MADELEINE BRAND, host:
Along with everything else, Spencer is also competing with people half his age. College kids are also trying to find work. Competition is so fierce that even finding a summer internship has become cutthroat. NPR's Noah Adams has been looking at the Web site for a company called University of Dreams.
NOAH ADAMS: The deal here - your dream of being an intern can come true if you can pay several thousand dollars.
Mr. ERIC LOCHTEFELD (Chief Executive Officer and Founder, University of Dreams): Hi, my name is Eric Lochtefeld. I'm the CEO and founder of University of Dreams.
ADAMS: It's now a big business that Eric Lochtefeld started nine years ago. They're actually turning down many of the dreamers. This year, they'll get 15,000 applications, only 2,000 internships to fill. You sign up and pay the University of Dreams for the screening and the placement, and off you go to San Diego or Barcelona or Chicago. Transportation is arranged, housing, most of your meals. The interns have group activities and someone's always keeping track. Eric Lochtefeld says mostly, the money is about logistics. Students might find something on their own in New York City, but…
Mr. LOCHTEFELD: They're still going to have to find a landlord in Manhattan that's willing to rent to a college student for two months or three months. Good luck on that. They're still going to have to pay for their subway passes, for all of their meals in New York City. I mean, we have students that are coming from China, you know, participating in our programs in New York and L.A. You know, how difficult would it be to plan your own logistics at the age of 21 to be able to do that?
ADAMS: Annie Fleishman signed on with University of Dreams for an internship with a movie company in London. She paid $9,000.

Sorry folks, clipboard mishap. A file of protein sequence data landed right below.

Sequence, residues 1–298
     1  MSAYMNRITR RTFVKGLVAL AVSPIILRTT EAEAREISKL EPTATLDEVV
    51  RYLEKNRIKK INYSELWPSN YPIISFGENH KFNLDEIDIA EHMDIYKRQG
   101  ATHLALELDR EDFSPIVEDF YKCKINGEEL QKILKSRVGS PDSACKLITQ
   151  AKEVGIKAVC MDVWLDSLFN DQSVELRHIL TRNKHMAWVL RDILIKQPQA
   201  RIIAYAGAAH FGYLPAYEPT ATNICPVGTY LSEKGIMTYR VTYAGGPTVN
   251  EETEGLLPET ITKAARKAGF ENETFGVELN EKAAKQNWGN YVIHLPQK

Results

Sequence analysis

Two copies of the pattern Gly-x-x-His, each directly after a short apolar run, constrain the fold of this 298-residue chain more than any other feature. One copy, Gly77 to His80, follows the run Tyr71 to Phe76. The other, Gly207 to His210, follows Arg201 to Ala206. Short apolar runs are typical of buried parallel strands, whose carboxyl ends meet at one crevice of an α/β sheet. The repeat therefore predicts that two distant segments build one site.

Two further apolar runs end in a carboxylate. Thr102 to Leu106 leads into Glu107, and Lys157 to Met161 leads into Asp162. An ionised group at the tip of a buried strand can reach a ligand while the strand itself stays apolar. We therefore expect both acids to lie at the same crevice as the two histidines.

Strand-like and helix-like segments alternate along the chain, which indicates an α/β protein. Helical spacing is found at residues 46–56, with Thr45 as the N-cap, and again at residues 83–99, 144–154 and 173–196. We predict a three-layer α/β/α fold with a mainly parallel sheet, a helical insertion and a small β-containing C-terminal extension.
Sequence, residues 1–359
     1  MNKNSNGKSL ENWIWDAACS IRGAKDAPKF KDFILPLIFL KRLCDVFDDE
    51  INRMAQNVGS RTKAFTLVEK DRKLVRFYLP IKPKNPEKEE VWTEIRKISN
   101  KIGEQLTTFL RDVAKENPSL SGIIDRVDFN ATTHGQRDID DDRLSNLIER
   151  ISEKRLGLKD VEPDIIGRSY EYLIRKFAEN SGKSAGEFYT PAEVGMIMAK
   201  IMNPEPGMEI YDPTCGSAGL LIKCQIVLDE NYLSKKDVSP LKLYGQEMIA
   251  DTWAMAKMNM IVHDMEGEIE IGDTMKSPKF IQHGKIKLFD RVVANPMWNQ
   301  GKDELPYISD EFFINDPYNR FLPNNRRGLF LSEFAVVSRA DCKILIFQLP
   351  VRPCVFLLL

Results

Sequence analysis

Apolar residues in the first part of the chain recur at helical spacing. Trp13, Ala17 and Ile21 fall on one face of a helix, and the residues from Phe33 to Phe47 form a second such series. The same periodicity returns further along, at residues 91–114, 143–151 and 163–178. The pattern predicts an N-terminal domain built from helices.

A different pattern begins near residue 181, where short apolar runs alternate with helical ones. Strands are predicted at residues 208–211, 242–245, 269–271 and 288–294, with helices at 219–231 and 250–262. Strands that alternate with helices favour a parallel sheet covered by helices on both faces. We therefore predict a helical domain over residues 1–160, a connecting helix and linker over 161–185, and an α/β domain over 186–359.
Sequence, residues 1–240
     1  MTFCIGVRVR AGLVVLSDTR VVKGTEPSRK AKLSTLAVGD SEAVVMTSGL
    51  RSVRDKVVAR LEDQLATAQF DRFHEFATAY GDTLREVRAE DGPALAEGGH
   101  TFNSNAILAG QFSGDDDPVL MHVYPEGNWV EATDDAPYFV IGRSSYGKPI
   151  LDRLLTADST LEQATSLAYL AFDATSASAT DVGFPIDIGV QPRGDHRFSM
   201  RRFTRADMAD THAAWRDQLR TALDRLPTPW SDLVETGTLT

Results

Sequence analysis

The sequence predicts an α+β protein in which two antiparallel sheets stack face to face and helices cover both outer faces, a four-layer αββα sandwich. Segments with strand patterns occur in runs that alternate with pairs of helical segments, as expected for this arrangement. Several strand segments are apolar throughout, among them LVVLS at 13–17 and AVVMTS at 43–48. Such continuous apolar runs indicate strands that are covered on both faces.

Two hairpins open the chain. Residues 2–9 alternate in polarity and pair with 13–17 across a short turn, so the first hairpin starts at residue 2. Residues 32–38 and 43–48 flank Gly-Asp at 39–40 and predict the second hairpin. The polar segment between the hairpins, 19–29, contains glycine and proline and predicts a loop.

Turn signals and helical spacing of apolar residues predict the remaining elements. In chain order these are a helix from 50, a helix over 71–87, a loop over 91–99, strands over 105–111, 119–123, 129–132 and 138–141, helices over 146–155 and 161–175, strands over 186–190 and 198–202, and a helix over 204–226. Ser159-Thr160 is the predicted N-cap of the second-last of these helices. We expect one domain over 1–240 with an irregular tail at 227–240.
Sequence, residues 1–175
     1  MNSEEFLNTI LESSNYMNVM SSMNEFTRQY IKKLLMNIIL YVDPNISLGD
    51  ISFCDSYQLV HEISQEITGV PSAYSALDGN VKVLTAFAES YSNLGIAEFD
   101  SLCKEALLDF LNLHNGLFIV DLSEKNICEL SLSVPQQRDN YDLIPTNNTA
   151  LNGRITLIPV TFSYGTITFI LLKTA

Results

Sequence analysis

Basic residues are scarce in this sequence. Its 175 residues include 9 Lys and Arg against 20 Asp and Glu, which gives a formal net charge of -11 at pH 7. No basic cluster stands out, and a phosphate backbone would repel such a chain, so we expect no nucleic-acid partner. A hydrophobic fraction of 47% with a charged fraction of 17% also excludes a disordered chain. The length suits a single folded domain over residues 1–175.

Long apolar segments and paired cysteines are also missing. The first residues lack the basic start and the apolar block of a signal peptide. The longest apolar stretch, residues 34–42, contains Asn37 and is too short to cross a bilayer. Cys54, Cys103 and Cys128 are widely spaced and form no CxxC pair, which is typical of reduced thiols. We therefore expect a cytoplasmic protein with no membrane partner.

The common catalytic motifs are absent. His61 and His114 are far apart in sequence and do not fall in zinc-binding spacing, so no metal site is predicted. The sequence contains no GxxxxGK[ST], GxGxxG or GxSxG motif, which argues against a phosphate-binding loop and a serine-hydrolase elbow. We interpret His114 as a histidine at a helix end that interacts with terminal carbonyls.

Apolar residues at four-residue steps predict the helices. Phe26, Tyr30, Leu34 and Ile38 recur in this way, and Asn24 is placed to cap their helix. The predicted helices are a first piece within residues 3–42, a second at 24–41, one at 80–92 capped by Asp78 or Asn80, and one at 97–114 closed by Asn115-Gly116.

Ms. ANNIE FLEISHMAN (Former Intern, University of Dreams): It was eight weeks of housing, breakfast and dinner Monday through Friday. It was six weekend excursions - hotels in Paris and Brussels and Oxford, England. They had seminars, which was like every week, they would have like some speaker come and talk to you about networking or like different aspects of business. And they brought this guy, Emmanuel(ph), who's been an activist in Ghana, for disabled people's rights. And they brought him all the way from Ghana to talk to our program, which was pretty inspiring.
ADAMS: That summer in London helped. Annie Fleishman now works for Lionsgate Films in Santa Monica. But what about the other students, the ones who just have to laugh at the idea of paying that much money? Let's say, they go and find their internship, but it's an unpaid position. They're broke to begin with. What do they do? Several universities have special funds to help. The University of Virginia has a Parents Committee. They give out grants to second- and third-year undergrads. The internships must be in public service.
Ms. HEATHER RUDD (Parents Committee, University of Virginia): For us, public service is civic engagement, public policy, economic business development, education, health and the environment.
ADAMS: Heather Rudd helps run the Parents Committee program for UVa, twenty grants this summer, $2,500 each.
Ms. RUDD: And many students do say without the funding of this particular grant, I would not be able to accept this internship.
ADAMS: And so with spring close at hand it's game on for the summer internships however you can get them. Noah Adams, NPR News Washington. And by the way, the White House - certainly. The Obama administration says please apply by the 22nd of March.
BRAND: And as we wind down the show here, we just want to give a special shutout to Noah, Noah Adams. He has hosted Day to Day many, many times for a long time while I was out on maternity leave. He's just one of our favorite people.
ALEX COHEN, host:
Thank you, Noah, for sharing your wisdom, your grace, and your lovely warm voice with us over the years. Stay with us on Day to Day from NPR News.
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